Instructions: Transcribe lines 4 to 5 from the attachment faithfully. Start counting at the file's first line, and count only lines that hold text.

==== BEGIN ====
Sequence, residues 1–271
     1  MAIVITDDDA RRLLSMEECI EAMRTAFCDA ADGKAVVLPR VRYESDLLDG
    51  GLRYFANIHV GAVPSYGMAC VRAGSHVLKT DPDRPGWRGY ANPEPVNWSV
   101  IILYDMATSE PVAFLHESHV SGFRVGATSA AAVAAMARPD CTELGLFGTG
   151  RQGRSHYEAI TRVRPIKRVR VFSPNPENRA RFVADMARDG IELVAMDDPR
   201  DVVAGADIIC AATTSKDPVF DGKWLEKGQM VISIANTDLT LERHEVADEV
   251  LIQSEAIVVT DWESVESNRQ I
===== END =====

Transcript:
   101  IILYDMATSE PVAFLHESHV SGFRVGATSA AAVAAMARPD CTELGLFGTG
   151  RQGRSHYEAI TRVRPIKRVR VFSPNPENRA RFVADMARDG IELVAMDDPR